• What is the purpose of this documentation?

  • Who is this document for, and how will they use it?  

  • Does this document already exist elsewhere?

Adopting a mindset of continuous documentation doesn’t mean you need to do redundant work. Rather, you should be looking for opportunities to add to and improve existing documentation wherever possible.

“The point is to have a place to collaborate—a place where we can build elements that help define how we’re producing the product.”
—Jon Kern, co-author of the Agile Manifesto

Addressing versioning issues, optimizing a hard-to-find or hard-to-read piece of documentation, or adding screenshots and diagrams to a text-heavy piece of documentation are all important ways you can impact your company’s knowledge base beyond creating new documents from scratch.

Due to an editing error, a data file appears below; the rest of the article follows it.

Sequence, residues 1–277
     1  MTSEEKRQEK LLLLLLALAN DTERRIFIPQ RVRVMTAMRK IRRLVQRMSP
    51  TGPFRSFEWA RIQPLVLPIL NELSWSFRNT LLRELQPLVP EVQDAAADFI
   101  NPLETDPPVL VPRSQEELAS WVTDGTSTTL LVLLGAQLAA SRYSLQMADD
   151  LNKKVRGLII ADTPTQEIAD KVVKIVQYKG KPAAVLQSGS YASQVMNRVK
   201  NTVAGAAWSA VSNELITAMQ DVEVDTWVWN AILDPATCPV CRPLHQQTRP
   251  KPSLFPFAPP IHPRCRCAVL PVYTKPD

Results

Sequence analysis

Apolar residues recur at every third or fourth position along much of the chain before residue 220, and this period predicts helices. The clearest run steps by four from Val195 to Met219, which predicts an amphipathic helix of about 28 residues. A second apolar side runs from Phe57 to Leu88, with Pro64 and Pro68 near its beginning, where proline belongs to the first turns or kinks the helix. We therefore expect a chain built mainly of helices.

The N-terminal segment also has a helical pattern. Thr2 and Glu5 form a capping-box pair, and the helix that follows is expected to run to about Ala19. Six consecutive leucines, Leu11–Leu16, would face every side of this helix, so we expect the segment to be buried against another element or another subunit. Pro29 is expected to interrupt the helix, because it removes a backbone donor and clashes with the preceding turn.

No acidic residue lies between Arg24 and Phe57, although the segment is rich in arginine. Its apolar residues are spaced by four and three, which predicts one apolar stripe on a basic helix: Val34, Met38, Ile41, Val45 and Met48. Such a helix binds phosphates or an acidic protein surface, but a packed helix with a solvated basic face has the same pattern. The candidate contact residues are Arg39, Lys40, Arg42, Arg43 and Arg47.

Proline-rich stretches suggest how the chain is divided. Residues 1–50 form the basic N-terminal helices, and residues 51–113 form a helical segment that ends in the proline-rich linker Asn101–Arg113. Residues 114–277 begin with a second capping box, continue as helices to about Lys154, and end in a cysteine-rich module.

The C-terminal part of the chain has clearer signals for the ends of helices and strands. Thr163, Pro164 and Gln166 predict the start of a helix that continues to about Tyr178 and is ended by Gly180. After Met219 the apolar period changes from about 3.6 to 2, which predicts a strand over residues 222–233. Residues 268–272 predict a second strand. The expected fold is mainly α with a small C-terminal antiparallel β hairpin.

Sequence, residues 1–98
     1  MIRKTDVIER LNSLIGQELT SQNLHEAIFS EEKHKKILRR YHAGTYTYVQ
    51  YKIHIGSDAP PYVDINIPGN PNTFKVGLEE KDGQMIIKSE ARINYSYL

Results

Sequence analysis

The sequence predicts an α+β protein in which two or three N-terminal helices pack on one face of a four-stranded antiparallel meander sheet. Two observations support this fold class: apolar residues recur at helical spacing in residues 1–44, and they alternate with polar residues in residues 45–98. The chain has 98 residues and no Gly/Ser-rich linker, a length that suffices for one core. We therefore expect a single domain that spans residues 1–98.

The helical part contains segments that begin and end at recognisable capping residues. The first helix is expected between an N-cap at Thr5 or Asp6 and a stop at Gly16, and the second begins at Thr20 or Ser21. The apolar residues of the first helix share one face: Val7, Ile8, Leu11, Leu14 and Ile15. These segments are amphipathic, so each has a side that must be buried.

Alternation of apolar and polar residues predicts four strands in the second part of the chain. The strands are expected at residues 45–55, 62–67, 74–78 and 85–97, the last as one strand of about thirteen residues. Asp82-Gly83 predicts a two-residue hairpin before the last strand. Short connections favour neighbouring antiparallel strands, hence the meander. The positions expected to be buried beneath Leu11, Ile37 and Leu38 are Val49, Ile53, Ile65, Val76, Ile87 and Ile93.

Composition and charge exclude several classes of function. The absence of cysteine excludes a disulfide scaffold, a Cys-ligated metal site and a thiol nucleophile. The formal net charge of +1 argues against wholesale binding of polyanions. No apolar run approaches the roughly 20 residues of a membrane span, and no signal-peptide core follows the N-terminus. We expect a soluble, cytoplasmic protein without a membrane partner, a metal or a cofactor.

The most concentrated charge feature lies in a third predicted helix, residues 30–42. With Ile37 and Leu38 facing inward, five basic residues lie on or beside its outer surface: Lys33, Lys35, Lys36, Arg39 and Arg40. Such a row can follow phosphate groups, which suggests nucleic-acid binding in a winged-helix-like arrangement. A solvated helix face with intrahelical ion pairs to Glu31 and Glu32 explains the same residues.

Do: Look for opportunities to automate when possible

Adding data linking and other integrations to your documents can reduce errors and mistakes that come when you have to update documentation by hand—especially for entity relationship diagrams (ERDs) or other documentation showing complex data relationships. 

Automation can also help you save time and manual labor by refreshing key portions of your documentation without you even thinking about it (or knowing it's happening). Having the newest data at your fingertips rather than having to hunt for it can help you better generate actionable insights and uncover patterns you otherwise might have missed.

Don’t: Wait until the end of your project to document

Waiting until a project is over to document carries the risk of forgetting information, introduces more room for error, and adds an unnecessary burden at the end of a long sprint when the enthusiasm to do “one more thing” will likely be at its lowest.